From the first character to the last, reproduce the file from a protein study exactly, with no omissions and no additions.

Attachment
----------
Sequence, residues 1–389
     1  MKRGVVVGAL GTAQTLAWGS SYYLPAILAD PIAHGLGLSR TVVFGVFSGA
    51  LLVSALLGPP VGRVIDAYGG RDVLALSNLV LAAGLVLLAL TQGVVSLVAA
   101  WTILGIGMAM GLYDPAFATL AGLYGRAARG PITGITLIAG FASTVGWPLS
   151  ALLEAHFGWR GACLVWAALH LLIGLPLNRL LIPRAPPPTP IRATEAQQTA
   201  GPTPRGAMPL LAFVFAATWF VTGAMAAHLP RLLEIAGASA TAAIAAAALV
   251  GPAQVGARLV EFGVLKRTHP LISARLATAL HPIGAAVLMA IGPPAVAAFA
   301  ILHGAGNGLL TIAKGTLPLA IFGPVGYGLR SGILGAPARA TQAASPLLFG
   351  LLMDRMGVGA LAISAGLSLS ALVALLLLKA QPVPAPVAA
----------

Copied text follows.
Sequence, residues 1–389
     1  MKRGVVVGAL GTAQTLAWGS SYYLPAILAD PIAHGLGLSR TVVFGVFSGA
    51  LLVSALLGPP VGRVIDAYGG RDVLALSNLV LAAGLVLLAL TQGVVSLVAA
   101  WTILGIGMAM GLYDPAFATL AGLYGRAARG PITGITLIAG FASTVGWPLS
   151  ALLEAHFGWR GACLVWAALH LLIGLPLNRL LIPRAPPPTP IRATEAQQTA
   201  GPTPRGAMPL LAFVFAATWF VTGAMAAHLP RLLEIAGASA TAAIAAAALV
   251  GPAQVGARLV EFGVLKRTHP LISARLATAL HPIGAAVLMA IGPPAVAAFA
   301  ILHGAGNGLL TIAKGTLPLA IFGPVGYGLR SGILGAPARA TQAASPLLFG
   351  LLMDRMGVGA LAISAGLSLS ALVALLLLKA QPVPAPVAA